He then explained how the car’s dent had been fixed by the dealer but it could never be sold as a “New” car.  This fact, needless to say, burned his dad’s bacon….big-time! Regretfully, this event caused a huge conflict between them. So, in an effort to cool things down, his dad decided to park the car out of sight in the barn behind their home. 

Nevertheless, this teenaged New Yorker was still passionate about the car. Therefore, he made a commitment in his heart to never let it stray from his custody and to NEVER let it be transformed from its original, factory-built “purity.” Over time he saved enough money and bought the car from his father. But even after he had complete ownership of the car, the Superbird amazingly remained in the barn patiently waiting to be turned loose someday and driven like the beast it was intended to be. 

As the story continues, the car’s owner explained that he made an effort to repair the car’s minor damage. He said that, after a year or so, he sent the car to a body shop to have the dinged nose properly repaired. He left it there with the strictest instructions for it not to be touched until he was personally present to supervise the repair process.  To him, it was essential that the car remained pure to its factory-built condition as much as possible.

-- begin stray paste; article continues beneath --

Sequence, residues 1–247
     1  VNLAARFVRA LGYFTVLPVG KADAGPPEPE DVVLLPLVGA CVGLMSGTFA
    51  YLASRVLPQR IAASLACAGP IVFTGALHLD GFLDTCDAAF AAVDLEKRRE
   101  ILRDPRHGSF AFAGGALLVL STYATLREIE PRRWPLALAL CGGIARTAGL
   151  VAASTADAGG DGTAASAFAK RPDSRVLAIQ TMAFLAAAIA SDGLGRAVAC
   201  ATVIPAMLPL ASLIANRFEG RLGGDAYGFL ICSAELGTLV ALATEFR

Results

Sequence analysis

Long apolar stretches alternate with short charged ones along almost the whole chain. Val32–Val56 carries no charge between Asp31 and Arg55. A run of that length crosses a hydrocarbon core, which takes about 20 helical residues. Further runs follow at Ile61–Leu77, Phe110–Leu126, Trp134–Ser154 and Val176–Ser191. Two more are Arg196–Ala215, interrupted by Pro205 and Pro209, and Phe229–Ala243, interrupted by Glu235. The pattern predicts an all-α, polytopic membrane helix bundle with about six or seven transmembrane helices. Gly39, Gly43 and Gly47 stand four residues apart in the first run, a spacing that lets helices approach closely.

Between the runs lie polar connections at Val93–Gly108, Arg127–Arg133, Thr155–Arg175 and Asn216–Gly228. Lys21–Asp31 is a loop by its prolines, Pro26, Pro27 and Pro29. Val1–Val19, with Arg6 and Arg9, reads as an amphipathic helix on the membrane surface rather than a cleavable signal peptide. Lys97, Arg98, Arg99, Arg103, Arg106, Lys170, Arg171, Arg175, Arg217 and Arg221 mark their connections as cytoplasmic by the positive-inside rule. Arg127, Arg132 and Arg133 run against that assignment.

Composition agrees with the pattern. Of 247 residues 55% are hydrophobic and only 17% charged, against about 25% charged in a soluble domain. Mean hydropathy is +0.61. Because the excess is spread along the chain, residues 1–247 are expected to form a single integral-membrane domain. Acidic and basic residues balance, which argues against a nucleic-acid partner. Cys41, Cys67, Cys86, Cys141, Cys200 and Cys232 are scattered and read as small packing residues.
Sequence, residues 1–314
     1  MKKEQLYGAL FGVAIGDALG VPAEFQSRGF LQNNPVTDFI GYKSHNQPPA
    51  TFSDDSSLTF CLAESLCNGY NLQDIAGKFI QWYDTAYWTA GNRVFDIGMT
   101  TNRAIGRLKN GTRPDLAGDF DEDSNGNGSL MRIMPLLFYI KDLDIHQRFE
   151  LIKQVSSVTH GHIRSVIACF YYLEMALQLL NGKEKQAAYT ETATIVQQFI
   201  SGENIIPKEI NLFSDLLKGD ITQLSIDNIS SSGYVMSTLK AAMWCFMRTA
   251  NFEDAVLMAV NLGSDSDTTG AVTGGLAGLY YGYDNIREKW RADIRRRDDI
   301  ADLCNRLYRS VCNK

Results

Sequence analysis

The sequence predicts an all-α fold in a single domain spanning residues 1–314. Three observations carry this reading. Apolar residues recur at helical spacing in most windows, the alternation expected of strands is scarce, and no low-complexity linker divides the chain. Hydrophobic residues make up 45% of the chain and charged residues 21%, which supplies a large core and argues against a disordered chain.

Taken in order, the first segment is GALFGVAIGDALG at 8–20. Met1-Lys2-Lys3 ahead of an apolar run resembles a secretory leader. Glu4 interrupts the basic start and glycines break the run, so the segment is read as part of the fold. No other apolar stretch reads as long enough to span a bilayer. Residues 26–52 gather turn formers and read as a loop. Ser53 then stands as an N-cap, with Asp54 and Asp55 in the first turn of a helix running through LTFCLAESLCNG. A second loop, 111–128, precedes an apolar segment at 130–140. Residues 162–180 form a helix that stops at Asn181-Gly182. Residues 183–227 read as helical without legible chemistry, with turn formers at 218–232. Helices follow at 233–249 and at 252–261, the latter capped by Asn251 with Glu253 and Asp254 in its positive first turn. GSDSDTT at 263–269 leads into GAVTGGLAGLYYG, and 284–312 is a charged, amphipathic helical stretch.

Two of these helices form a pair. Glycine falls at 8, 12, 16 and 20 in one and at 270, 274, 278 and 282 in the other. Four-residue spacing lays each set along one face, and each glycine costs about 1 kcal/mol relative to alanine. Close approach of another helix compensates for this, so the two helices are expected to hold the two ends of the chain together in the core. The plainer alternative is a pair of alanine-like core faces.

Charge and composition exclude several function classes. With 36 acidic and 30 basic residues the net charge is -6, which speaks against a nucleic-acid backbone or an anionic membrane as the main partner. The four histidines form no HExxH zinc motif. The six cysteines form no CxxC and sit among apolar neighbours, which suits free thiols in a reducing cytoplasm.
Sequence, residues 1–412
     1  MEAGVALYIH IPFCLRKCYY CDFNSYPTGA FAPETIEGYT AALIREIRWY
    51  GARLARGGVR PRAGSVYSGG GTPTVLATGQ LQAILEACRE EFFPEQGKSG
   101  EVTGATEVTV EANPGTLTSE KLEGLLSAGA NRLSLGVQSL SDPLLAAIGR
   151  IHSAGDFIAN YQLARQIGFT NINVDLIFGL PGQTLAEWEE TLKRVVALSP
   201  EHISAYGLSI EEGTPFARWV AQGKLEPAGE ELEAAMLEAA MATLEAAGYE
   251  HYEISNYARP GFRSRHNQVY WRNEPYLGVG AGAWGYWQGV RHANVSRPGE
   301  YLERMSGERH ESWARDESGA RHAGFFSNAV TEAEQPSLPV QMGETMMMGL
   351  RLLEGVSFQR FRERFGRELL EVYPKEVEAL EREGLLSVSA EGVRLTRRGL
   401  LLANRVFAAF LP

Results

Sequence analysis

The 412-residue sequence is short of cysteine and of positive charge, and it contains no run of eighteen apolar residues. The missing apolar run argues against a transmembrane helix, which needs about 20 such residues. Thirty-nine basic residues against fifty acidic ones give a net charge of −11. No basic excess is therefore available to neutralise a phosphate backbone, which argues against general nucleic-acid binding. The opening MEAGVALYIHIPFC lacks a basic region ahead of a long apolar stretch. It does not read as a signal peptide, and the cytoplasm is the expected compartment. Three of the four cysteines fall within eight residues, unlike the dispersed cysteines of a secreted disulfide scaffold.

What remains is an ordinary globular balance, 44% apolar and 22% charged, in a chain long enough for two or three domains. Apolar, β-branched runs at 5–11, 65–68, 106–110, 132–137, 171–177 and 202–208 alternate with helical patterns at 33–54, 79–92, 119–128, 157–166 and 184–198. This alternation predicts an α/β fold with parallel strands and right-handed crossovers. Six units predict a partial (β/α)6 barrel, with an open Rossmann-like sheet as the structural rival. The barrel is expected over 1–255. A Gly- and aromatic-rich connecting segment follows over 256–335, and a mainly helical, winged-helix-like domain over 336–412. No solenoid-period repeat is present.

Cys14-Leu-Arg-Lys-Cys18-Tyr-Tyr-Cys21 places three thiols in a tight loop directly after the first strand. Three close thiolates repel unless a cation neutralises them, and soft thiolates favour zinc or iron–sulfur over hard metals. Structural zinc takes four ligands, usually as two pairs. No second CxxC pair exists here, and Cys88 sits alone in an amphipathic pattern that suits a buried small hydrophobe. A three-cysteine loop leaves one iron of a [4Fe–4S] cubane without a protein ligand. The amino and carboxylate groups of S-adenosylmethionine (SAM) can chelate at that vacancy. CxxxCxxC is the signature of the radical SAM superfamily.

When he eventually arrived at the shop he was shocked to see that the repair shop had gotten overly enthusiastic about repairing the nose and started removing trim, door handles, etc. as though a complete new paint job was in order.  Upon seeing his prize in the midst of being unwantedly disassembled, it was “Game Over!” and the he had the car, as it sat, towed back home and put back in family barn where it was to languish for the next 40 plus years! Poor birdy…. 

The car’s owner closed this first conversation with Mike using the same words all other car shoppers heard over the phone, “The car IS NOT for sale”! But, if the car ever did come on the market, he would be number two in line. Not good news… 

Relentlessly, for more than 20 years since that first telephone conversation, Mike repeatedly called this Superbird New Yorker to ask about the Corporation Blue car he had to own. Each year the owner was polite but rejected each of his offers to buy the car. 

However, shock of all shocks…in October of 2014, Mike made his well-practiced telephone pitch despite the fact he’d never even seen the car and stunningly he heard, “I guess I’ve reached the point in my life where I realize I’ll never do anything with the car.” That meant it was time to sell the car! Yippee!!! This was music to Mike’s ears, in fact it was like a choir of angels were singing Handel’s “Hallelujah Chorus” in his head!